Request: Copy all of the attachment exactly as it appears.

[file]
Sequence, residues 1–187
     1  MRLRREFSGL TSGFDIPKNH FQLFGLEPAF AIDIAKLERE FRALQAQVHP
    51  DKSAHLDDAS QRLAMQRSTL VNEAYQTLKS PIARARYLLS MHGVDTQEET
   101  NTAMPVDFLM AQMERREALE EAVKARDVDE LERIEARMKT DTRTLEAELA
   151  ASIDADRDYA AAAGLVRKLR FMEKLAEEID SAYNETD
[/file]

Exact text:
Sequence, residues 1–187
     1  MRLRREFSGL TSGFDIPKNH FQLFGLEPAF AIDIAKLERE FRALQAQVHP
    51  DKSAHLDDAS QRLAMQRSTL VNEAYQTLKS PIARARYLLS MHGVDTQEET
   101  NTAMPVDFLM AQMERREALE EAVKARDVDE LERIEARMKT DTRTLEAELA
   151  ASIDADRDYA AAAGLVRKLR FMEKLAEEID SAYNETD